Alternative Minimum Tax Information

The alternative minimum Tax (AMT for brief) was originally launched in 1969 as the minimum Tax, the sole purpose of which was to ensnare high income taxpayers into paying at the bare minimal some revenue taxes, simply mainly because some of persons taxpayers used to pay little or no taxes by way of special tax benefits. But with tax bracket creep working its magic (at lowest for the U.S. government) and the tax not being indexed for inflation, this tax has now corralled more and more middle class taxpayers into its net, people who traditionally do not have high revenues to start with or do not claim a lot of unique tax benefits, if at all.

The AMT is considered as a parallel tax by many since taxes now have to be calculated in two different manners, the regular way and the AMT way. The big difference between the two taxes is tallied on IRS form 6251 and taxpayers have to pay the increased of the regular tax or the minimal tax. Proposals to repeal or reform the Alternative Minimum Tax have languished in Congress for years. In light of the present U.S. deepening debt difficulties and President Obama having given the IRS the green light to leave no stone unturned to gather every single single last dollar of revenue, reform still seems to be years away. It surely looks like the AMT is here to stay for the foreseeable future. Thus, most taxpayers may as well be resigned to ever more hard work when it is tax season. Once the AMT tax is mentioned in the 1040 a Instruction Booklet, you know how far reaching it has become.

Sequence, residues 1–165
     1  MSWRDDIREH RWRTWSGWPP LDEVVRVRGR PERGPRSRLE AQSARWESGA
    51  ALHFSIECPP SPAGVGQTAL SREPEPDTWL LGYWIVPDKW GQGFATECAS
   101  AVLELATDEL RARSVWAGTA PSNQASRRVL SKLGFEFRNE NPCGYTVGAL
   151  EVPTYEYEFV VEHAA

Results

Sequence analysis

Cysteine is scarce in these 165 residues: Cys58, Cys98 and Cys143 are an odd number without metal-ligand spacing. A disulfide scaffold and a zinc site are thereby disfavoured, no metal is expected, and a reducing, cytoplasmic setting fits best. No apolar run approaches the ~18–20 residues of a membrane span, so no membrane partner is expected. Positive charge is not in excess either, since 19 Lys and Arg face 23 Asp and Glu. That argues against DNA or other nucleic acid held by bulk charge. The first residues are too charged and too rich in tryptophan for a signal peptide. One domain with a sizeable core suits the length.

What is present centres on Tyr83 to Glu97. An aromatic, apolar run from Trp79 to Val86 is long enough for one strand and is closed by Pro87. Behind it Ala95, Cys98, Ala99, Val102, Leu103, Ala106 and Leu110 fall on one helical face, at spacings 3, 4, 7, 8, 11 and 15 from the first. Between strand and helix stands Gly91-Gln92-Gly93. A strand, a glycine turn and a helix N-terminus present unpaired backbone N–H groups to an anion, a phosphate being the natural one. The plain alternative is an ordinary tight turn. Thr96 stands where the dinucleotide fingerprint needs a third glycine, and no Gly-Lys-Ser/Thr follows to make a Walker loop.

unfortunately, there is no good way of knowing if we have to worry about being grabbed by the AMT, which is probably the biggest problem. Some goods that can trigger the tax are items most of us are familiar with when calculating regular taxes. Any of the following can land you into Alternative Minimum Tax territory :

* personalized exemptions

* Standard deductions

* State and local taxes

* Health expenses

* Interest on second house loans or home equity mortgages

* Miscellaneous itemized deductions

* Long term capital gains

* Tax exempt interest

* Tax shelters

* Incentive inventory options

* Accelerated depreciation * Passive income or losses

* Net operating loss deductions

* foreign tax credits

* investment expenses

And the list goes on. Can you, as an individual or business owner think of any other item not listed above ?

Perhaps acting as a counterbalance to its awesome complexity, the AMT tax only has two rates, 26% on the first $175,000 of taxable earnings and 28% on the remainder.

The 2010 Tax aid Act also legislates the following exemption amounts, happily meaning that these amounts are not subject to the AMT. However, numerous dual earnings families will still fall through the cracks. Here goes :

* $48,450 for singles and heads of households

* $74,450 for married particular persons filing jointly and qualifying widows or widowers

* $37,225 for married partners filing separately

However, the Internal Revenue Service has an on the net service that can help taxpayers figure out if they will be subject to the AMT called AMT assistance for individuals.

If it is of any consolation, if you had paid AMT taxes due to certain